Cross-Species Identification of Conserved Glomerular Transcriptional Networks of Progressive Diabetic Nephropathy in Mouse and Man.
Jeffrey B Hodgin, Viji Nair, Hongyu Zhang, Ann Randolph, Raymond C Harris, Robert G Nelson, Frank C Brosius, Matthias Kretzler. University of Michigan, Ann Arbor; Vanderbilt University, Nashville, TN; NIDDK, Phoenix, AZ
Background: Mouse models of diabetic nephropathy (DN) are valuable tools, but no mouse model reliably exhibits all features of human disease, hindering our ability to identify specific factors that cause or predict DN. To define where mouse models of diabetic glomerulopathy (DG) faithfully recapitulate human DG on a functional level using a cross-species comparison to identify shared transcriptional networks.
Design: Transcriptional networks for diabetic humans and AMDCC mouse models were generated using glomerular mRNA, Affymetrix microarrays, transcriptional pathway mapping, and promoter modeling tools. The human transcriptional network was derived from albuminuric (>30 mg/g Alb/Cr) versus nonalbuminuric (<30 mg/g Alb/Cr) Pima Indians, a cohort with early, progressive DG, and from later stage diabetics versus living donor controls. Mouse transcriptional networks were derived from streptozotocin treated DBA/2 mice, db/db C57BLKS mice, and eNOS-deficient db/db C57BLKS mice, each versus control.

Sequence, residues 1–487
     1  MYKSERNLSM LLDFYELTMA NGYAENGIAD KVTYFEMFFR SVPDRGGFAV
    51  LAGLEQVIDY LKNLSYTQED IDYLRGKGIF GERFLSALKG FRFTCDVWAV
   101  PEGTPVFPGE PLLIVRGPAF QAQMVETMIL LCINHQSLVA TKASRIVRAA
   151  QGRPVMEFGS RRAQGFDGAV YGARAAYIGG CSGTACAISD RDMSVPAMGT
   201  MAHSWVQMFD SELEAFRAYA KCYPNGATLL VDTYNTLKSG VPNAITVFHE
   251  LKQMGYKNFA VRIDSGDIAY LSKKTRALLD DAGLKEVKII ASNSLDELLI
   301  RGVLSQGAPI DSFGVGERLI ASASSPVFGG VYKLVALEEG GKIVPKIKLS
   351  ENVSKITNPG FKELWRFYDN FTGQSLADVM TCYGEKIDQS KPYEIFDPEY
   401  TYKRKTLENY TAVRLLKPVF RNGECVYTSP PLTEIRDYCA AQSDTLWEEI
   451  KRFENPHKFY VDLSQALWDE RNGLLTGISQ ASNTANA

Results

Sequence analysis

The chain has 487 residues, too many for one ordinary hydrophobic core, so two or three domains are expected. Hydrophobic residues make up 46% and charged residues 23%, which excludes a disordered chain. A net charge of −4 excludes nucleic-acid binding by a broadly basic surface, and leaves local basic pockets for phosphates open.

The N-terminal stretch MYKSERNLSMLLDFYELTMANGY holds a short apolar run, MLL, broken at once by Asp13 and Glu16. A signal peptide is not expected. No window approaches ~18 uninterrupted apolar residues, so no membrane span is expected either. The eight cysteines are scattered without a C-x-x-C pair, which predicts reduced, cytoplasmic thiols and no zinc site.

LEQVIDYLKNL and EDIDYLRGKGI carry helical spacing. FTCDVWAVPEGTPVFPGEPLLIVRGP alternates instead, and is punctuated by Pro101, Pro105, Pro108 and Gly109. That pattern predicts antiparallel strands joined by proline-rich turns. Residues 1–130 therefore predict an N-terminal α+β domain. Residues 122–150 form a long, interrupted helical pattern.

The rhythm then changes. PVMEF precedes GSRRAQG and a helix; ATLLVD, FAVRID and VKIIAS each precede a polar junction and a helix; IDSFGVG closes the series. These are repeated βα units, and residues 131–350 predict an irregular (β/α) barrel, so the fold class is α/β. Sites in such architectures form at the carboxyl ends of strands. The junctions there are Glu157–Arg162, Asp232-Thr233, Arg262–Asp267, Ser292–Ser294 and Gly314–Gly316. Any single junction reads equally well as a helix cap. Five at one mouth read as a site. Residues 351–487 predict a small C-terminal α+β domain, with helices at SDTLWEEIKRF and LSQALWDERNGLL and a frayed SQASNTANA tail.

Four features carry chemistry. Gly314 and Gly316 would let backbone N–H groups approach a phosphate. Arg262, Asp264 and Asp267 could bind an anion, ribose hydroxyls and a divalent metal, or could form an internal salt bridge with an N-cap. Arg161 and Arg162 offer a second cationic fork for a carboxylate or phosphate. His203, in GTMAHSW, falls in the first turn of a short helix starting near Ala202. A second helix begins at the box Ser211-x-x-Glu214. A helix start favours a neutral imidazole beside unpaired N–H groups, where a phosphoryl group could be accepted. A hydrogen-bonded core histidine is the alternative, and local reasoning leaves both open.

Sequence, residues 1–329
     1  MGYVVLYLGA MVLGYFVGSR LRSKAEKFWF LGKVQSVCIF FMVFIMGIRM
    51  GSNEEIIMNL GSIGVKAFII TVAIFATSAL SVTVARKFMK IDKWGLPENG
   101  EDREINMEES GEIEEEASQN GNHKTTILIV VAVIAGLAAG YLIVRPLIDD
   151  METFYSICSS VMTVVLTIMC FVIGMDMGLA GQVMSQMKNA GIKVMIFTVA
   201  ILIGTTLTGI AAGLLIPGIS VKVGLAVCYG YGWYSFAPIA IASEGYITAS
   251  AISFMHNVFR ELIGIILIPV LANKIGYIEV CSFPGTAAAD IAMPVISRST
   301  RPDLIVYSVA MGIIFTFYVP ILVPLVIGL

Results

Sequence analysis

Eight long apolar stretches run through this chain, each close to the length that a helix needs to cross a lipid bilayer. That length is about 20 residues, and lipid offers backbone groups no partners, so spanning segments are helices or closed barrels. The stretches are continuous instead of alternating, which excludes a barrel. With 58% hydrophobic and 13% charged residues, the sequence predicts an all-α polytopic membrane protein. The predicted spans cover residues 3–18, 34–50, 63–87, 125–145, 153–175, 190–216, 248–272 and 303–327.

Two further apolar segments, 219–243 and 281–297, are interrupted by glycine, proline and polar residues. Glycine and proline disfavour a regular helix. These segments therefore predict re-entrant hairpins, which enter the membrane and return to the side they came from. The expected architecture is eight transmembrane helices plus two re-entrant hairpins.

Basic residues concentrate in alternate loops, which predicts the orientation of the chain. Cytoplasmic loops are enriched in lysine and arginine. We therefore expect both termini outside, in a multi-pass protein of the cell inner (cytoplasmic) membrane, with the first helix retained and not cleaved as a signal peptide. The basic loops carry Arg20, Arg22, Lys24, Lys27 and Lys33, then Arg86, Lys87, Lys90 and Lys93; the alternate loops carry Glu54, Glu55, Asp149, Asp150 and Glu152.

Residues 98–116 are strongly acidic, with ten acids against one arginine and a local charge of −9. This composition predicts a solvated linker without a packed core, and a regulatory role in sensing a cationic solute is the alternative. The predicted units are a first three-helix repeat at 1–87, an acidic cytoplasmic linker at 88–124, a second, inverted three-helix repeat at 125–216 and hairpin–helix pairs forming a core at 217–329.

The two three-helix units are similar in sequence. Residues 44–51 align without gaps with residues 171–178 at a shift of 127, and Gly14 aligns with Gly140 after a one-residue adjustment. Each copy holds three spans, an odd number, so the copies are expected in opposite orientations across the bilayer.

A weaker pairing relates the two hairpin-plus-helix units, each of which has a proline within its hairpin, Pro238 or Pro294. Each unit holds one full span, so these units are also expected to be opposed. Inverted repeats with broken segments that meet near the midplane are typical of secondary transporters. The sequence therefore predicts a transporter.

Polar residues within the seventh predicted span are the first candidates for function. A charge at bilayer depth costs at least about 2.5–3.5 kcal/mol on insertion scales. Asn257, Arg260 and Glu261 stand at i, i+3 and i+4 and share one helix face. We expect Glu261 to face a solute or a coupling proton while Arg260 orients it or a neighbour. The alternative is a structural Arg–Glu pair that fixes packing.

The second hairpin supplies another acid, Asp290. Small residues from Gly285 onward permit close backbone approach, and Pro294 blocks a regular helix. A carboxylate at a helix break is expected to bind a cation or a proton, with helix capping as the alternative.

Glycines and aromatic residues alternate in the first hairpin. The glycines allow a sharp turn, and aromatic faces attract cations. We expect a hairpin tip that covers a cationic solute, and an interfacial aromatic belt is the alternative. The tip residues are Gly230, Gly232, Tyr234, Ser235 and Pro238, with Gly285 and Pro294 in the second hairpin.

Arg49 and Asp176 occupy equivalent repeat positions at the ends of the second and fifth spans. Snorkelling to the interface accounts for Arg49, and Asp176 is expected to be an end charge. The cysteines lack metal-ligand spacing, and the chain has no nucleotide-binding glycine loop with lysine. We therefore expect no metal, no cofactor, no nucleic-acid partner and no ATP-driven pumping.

Results: Integrating the gene expression alterations with biological knowledge resulted in complex networks of 1000s of genes linked by multiple co-citations and promoter binding sites (Genomatix Bibliosphere). TALE (Tool for Approximate Large Graph Matching, University of Michigan) was used to align the human and mouse transcriptional networks to derive three conserved network structures for each human-mouse comparison, comprised of approximately 100 nodes representing key hubs of conserved regulatory events. Shared gene nodes were found in all three networks, many of them reflecting established pathogenetic mechanisms of diabetic complications including JAK-STAT, VEGF, c-kit, and HGF-R signaling pathways. Shared top biological processes included cytokine mediated signaling, response to steroid hormone, and JAK-STAT cascade.
Conclusions: Comparing TALE networks from early progressive DG (PIMA albuminuric versus nonalbuminuric) against established DG (albuminuric diabetics versus nondiabetics) revealed pathways specific to glomerular disease progression. This approach can guide the selection of disease pathways in mouse models that are the most relevant to the human disease process and identify new pathways that are excellent targets for future study.
Category: Kidney (does not include tumors)
Wednesday, March 2, 2011 1:00 PM
Poster Session VI # 241, Wednesday Afternoon